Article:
Frequently Asked Questions - Noise and Pollution Control
The Housing & Public Protection Department is unable to deal with noise from car stereos whilst the car is moving (and this includes any noise from “traffic”) on public roads. Where a car is stationary on private land i.e. a driveway of a house, the Housing & Public Protection Department has powers to deal with noisy car stereos. For noise in the street it would be necessary to contact North Wales Police Service or your local PCSO.
As loud as you want BUT you must not cause a nuisance to your neighbours. This generally depends on the location of your hi-fi relative to your nearest neighbours and how well sound insulated your home is. You must remember that whilst most people enjoy music, they do not want music imposed on them and they are entitled to a reasonable degree of peace and quiet whether in their home or garden, day or night. Try headphones.
There are no restricted times by law indicating when you can play your music, however you must not cause a statutory nuisance to neighbour properties. Therefore you should take into consideration that when background noise levels get quieter, at night for example, then your music will sound louder. Most people enjoy music but they do not want music imposed on them and they are entitled to a reasonable degree of peace and quiet whether in their home or garden, day or night.
Your burglar alarm should be set so that it sounds for no more than 20 minutes when triggered. You should also notify the police of two key-holders who can be contacted to switch off the alarm promptly where the alarm has failed to switch off automatically. There is a form available for you to do this, contact the Public Protection Department on 01978 298989, email: Contact-Us@wrexham.gov.uk or by completing the Public Protection Department online enquiry form to request a form which can be completed and sent to us.
You should also make sure that false alarms are kept to a minimum by ensuring that the sensors are not easily triggered, by small animals for example. People will start to ignore your alarm if it goes off frequently, which may mean no one will check on your house whilst it is being burgled.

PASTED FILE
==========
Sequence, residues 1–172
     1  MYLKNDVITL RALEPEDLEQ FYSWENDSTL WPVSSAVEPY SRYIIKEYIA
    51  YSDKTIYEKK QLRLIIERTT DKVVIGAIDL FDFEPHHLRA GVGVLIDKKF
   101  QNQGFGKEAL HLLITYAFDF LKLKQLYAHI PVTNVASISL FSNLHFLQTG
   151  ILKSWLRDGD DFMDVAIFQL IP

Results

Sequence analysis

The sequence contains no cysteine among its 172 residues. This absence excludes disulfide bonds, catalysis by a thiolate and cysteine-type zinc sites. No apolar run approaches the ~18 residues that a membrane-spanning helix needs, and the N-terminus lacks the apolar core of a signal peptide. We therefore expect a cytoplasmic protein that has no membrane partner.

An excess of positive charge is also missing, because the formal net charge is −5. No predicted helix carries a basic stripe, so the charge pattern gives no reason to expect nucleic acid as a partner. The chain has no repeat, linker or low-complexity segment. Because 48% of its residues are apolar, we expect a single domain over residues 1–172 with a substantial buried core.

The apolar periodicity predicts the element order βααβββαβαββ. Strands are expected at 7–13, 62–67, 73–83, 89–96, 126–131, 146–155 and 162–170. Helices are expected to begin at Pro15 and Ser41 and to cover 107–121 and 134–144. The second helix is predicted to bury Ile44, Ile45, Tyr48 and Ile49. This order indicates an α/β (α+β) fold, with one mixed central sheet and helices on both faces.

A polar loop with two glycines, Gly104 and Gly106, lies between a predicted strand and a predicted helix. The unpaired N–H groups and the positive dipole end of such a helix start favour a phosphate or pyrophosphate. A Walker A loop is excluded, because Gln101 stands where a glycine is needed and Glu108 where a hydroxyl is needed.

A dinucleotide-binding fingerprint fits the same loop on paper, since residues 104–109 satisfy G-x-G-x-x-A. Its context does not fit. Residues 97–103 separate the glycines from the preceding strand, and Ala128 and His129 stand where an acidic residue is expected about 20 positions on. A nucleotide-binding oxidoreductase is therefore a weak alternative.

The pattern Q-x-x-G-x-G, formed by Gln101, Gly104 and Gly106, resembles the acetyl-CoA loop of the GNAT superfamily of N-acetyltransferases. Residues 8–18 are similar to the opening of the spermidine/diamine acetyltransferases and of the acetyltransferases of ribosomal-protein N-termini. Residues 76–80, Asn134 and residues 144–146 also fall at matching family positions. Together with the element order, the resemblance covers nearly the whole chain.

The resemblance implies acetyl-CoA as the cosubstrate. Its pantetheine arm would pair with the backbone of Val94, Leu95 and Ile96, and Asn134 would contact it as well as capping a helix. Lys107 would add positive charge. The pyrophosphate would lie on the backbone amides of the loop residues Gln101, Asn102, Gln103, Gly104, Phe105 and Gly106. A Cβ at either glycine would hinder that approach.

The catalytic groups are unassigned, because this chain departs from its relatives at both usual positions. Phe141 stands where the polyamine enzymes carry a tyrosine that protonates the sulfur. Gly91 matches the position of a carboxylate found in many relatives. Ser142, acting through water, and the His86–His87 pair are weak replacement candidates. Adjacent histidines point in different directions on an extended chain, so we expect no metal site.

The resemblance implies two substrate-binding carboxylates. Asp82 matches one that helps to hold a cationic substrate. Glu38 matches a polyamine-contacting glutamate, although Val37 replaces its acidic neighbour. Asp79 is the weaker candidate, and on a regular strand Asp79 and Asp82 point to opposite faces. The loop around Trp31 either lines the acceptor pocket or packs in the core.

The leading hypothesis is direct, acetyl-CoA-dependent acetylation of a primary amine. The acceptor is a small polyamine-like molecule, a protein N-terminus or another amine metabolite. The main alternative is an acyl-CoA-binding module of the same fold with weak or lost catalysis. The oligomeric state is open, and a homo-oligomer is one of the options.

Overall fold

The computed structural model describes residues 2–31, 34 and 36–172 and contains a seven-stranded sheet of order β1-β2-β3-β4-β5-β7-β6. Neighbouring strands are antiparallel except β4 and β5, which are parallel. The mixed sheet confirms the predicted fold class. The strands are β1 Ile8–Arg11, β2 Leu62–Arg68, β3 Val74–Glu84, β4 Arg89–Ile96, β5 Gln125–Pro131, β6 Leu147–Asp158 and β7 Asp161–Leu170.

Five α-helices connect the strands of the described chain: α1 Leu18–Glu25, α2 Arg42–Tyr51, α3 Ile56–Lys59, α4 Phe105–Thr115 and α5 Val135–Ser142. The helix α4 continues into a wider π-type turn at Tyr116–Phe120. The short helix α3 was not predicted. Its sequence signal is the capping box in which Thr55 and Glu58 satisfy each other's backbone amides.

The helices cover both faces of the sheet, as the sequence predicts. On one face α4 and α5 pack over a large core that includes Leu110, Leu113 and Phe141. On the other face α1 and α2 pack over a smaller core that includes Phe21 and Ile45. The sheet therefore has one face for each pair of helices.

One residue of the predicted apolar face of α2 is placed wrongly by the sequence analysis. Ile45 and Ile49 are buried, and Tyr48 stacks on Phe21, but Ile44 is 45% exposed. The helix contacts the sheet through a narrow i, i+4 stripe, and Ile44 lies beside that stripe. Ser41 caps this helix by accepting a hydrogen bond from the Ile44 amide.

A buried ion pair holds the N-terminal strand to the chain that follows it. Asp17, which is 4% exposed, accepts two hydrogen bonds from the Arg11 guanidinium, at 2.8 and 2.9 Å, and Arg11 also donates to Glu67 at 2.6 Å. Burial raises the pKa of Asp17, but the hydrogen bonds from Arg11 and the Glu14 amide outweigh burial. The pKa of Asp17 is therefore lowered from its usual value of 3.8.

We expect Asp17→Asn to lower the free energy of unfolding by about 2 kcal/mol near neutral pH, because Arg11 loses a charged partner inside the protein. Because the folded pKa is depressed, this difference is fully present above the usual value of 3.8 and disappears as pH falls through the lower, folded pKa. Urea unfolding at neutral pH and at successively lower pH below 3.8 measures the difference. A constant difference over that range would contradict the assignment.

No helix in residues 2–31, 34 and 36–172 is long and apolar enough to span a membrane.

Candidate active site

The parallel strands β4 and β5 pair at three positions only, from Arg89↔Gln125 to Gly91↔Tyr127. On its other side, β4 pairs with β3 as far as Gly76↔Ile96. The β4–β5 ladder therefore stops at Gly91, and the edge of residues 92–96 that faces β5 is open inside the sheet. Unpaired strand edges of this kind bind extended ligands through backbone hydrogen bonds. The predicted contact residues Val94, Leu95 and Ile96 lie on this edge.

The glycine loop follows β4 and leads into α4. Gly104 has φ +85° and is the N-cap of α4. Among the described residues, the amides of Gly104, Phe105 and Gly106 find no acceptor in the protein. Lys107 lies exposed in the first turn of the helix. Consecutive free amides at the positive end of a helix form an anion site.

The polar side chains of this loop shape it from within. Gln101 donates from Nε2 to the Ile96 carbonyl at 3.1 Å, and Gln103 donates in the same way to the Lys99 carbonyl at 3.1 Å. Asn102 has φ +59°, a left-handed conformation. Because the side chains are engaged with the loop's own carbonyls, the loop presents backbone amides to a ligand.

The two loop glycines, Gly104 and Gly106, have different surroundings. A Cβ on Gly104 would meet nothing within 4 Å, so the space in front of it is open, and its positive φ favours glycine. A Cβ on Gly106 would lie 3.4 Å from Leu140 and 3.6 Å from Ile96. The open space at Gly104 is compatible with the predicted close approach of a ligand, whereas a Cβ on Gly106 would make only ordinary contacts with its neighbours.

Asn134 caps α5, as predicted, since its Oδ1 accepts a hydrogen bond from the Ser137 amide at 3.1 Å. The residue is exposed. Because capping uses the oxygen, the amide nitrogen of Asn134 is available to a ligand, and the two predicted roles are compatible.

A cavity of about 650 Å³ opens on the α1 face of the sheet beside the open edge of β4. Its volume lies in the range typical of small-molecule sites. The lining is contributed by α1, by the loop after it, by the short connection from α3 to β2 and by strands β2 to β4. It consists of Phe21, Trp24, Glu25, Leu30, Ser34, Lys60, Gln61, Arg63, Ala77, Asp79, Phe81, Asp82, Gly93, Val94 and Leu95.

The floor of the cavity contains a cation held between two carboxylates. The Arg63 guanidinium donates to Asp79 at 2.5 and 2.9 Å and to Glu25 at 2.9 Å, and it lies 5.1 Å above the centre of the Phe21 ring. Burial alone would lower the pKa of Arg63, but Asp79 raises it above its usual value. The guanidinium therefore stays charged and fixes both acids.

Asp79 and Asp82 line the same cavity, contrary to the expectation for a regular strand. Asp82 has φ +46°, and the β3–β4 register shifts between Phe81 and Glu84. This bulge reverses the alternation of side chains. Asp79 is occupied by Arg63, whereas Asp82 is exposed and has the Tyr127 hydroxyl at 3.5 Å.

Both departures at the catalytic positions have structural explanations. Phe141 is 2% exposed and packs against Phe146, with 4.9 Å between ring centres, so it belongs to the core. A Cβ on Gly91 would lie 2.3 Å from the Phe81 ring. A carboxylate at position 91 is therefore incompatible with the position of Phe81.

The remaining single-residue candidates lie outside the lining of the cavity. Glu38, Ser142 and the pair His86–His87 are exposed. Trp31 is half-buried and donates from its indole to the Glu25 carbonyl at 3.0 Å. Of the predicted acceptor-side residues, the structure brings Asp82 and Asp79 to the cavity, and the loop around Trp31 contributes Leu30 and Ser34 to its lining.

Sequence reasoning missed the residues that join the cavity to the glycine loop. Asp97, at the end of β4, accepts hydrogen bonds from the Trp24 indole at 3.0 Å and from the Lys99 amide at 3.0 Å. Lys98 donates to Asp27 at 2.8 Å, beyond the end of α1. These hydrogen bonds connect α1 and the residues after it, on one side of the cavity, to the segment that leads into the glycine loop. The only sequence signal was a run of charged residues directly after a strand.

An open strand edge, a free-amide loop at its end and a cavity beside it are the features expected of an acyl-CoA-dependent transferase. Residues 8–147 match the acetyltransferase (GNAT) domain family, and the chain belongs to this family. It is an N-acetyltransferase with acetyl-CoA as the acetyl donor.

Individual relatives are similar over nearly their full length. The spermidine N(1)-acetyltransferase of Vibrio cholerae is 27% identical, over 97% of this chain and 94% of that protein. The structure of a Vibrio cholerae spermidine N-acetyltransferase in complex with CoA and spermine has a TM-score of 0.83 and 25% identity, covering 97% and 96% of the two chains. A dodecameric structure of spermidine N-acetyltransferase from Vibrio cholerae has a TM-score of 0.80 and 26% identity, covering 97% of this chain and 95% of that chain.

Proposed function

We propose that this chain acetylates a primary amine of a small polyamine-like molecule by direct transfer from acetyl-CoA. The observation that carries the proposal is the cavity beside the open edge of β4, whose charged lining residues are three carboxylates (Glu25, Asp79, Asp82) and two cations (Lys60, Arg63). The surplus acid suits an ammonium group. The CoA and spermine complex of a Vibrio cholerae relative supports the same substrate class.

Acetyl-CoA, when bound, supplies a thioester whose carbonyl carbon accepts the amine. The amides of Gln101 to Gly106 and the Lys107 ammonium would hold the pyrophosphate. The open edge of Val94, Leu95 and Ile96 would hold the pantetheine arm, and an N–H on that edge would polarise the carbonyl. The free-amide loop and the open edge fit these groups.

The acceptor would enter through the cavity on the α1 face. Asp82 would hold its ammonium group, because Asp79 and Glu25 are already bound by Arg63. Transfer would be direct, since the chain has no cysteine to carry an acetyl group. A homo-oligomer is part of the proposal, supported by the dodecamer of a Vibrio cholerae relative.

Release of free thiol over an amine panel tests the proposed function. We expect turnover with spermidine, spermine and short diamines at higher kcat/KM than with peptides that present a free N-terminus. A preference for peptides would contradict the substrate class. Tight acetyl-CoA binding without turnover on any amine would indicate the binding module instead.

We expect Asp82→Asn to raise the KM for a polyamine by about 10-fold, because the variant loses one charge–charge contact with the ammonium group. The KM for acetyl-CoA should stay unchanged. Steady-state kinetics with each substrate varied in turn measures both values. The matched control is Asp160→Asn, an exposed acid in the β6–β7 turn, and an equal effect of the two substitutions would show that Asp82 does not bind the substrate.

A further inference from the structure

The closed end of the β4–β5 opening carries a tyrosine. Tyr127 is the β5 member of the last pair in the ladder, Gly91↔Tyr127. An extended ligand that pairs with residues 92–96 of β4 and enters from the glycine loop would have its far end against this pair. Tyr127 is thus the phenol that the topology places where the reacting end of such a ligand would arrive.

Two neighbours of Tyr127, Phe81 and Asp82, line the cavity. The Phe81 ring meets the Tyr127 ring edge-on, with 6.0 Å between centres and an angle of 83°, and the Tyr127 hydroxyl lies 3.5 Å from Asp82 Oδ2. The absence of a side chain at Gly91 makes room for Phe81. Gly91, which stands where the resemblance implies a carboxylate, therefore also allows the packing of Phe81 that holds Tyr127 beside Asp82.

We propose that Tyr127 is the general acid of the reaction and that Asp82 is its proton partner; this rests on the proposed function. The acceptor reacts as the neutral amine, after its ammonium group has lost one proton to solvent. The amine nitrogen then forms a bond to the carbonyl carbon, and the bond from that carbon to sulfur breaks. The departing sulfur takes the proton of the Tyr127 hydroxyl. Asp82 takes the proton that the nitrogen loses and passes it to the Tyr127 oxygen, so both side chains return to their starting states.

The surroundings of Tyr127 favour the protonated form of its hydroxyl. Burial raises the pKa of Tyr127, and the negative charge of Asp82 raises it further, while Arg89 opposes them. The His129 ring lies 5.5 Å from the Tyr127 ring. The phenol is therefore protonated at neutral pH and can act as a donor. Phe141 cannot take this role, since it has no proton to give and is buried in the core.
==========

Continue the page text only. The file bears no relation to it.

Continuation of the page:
Bonfires and Smoke
Generally yes. However there are restrictions. You must not cause a nuisance to your neighbours and even then you should restrict the waste you burn to dry (not green) garden waste, clean timber, cardboard or paper. Burning other materials on an open fire may prove toxic, especially plastics, rubber, paint and oils. You are less likely to cause a nuisance when the wind direction is blowing away from neighbouring properties.
You should avoid lighting fires if you are close to a highway and the smoke is likely to interrupt the journey of passing motorists.
You should avoid burning your bonfire close to hedges, fences, buildings or other things which could catch light or be damaged.
The statutory nuisance provisions of the Environmental Protection Act 1990 allow the Council to serve a notice on a person causing a nuisance to neighbours from bonfires
There are no set times when you can or can’t have a bonfire. You should avoid burning once it gets dark as you may attract the attentions of the Fire Service. You should also avoid burning when people have washing out to dry or are likely to be disturbed by a fire.
This depends where you live. In all areas, the Council can take action against a householder where smoke from their chimney is causing a nuisance. If you live in a smoke control area, and this includes most of Wrexham town, then your neighbour is only allowed to burn smokeless fuels or use approved appliances. Contact the Public Protection Department on 01978 292040 for more advice or if wish to make a complaint - you can do this by completing an online pollution complaint form, or by calling 01978 298989, or by email: firstname.lastname@example.org. You will need to supply your name, address and other contact details if we are to act on your complaint.